A placard is usually placed in a lower corner of the playfield. It may simply show pricing information, but should also show critical details about special scoring techniques.
This information is vital to achieving higher scores; it typically describes a series of events that must take place e. Learning these details makes the game more fun and challenging.
With practice — and a machine in good operating condition — a player can often achieve specific targets and higher scores and trigger exciting events.
Players can influence the movement of the ball by moving or bumping the pinball machine, a technique known as "nudging" or "shaking. A very skillful player can shake the machine and cause the ball to bounce back and forth and prevent it from "draining.
There are tilt mechanisms which guard against excessive manipulation of this sort. The mechanisms generally include:. When any of these sensors is activated, the game registers a "tilt" and the lights go out, solenoids for the flippers no longer work, and other playfield systems become inoperative so that the ball can do nothing other than roll down the playfield directly to the drain.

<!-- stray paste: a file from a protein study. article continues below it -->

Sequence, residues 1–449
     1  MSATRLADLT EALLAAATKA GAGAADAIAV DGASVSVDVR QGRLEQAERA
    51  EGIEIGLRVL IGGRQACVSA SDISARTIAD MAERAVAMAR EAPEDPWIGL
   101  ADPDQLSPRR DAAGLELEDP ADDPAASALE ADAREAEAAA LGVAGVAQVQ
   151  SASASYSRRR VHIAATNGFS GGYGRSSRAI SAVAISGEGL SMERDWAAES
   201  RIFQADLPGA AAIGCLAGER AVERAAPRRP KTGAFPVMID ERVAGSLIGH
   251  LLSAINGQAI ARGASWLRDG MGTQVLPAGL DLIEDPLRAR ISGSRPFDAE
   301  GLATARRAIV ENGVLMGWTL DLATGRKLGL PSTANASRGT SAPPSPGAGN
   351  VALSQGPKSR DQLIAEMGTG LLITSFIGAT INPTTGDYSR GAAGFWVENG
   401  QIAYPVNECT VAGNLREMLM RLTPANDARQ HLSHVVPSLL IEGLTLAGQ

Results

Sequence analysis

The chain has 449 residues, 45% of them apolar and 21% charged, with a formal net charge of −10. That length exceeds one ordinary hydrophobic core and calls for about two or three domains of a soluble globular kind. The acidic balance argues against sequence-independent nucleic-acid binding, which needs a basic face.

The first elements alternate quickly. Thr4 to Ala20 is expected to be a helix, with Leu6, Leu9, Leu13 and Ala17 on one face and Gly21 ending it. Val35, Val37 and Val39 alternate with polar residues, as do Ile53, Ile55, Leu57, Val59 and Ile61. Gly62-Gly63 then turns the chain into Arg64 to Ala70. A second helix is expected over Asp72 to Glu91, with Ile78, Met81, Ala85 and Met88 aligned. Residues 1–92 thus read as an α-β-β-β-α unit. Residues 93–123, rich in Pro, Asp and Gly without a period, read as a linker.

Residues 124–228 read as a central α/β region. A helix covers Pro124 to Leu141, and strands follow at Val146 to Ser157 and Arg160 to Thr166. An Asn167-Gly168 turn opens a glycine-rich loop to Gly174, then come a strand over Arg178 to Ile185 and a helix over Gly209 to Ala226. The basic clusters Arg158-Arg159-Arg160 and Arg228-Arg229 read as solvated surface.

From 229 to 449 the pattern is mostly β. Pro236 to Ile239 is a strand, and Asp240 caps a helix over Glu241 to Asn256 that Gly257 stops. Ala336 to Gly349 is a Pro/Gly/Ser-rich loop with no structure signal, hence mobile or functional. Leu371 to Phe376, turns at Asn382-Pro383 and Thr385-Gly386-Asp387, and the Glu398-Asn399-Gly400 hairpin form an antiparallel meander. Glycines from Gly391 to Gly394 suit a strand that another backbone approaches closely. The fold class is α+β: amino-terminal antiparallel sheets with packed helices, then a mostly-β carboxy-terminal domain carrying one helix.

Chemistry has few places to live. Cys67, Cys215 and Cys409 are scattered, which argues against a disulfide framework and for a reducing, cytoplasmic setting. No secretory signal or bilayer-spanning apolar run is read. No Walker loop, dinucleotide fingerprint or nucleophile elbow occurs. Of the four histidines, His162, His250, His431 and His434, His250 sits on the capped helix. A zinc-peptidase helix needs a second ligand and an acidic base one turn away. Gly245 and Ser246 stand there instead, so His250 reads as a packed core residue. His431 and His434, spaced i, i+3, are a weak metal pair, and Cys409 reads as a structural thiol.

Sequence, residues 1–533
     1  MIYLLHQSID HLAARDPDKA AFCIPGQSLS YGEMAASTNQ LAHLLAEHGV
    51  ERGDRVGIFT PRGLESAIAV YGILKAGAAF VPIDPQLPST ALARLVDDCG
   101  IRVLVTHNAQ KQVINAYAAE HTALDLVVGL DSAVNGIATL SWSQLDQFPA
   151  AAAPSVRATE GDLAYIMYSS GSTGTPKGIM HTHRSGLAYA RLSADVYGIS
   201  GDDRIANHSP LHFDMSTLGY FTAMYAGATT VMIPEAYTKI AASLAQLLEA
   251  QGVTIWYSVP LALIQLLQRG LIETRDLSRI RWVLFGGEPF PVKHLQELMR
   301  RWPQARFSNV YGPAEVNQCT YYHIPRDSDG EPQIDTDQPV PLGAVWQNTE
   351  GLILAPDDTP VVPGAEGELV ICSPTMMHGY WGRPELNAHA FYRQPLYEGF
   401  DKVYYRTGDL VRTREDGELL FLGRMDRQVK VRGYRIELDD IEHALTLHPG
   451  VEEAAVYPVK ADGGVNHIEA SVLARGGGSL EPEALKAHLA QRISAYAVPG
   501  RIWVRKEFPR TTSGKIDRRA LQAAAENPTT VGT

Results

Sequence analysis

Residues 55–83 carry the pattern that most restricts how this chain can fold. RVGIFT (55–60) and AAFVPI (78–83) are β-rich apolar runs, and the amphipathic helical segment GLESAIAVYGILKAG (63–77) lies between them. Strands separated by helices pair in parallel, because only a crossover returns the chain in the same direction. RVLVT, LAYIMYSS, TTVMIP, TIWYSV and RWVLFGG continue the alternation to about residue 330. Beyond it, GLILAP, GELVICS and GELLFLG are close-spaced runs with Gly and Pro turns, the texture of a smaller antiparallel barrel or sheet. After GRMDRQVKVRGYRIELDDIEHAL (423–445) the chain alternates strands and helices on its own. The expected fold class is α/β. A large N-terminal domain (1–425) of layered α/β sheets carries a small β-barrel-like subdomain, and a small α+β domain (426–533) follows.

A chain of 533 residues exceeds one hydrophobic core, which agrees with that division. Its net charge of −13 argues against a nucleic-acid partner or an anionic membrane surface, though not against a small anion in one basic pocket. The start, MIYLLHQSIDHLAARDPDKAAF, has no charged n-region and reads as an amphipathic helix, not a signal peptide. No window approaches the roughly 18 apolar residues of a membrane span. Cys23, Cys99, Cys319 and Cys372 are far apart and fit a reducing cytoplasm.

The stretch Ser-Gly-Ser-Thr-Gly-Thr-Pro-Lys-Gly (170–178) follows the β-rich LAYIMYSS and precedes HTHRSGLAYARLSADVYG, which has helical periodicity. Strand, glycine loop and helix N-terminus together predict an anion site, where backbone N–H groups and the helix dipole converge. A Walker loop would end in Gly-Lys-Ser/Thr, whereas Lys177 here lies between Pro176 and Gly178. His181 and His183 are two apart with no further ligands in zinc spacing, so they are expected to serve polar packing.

A tilt will usually result in loss of bonus points earned by the player during that ball; the game ends if it's the last ball and the player has no extra ball.
Older games would immediately end the ball in play on a tilt. Modern games give tilt warnings before sacrificing the ball in play. The number of tilt warnings can be adjusted by the operator of the machine.
Until recently most games also had a "slam tilt" switch which guarded against kicking or slamming the coin mechanism , or for overly aggressive behavior with the machine, which could give a false indication that a coin had been inserted, thereby giving a free game or credit.
This feature was recently taken out by default in new Stern S. M System games, [ citation needed ] but can be added as an option.
A slam tilt will typically end the current game for all players. Skilled players can also hold a ball in place with the flipper, giving them more control over where they want to place the ball when they shoot it forward.
This is known as trapping. This technique involves catching the ball in the corner between the base of the flipper and the wall to its side, just as the ball falls towards the flipper; the flipper is then released, which allows the ball to roll slowly downward against the flipper.
The player then chooses the moment to hit the flipper again, timing the shot as the ball slides slowly against the flipper.
Multi-ball games, in particular, reward trapping techniques. Usually this is done by trapping one or more balls out of play with one flipper, then using the other flipper to score points with the remaining ball or balls.
Once a player has successfully trapped a ball, they may then attempt to "juggle" the ball to the other flipper.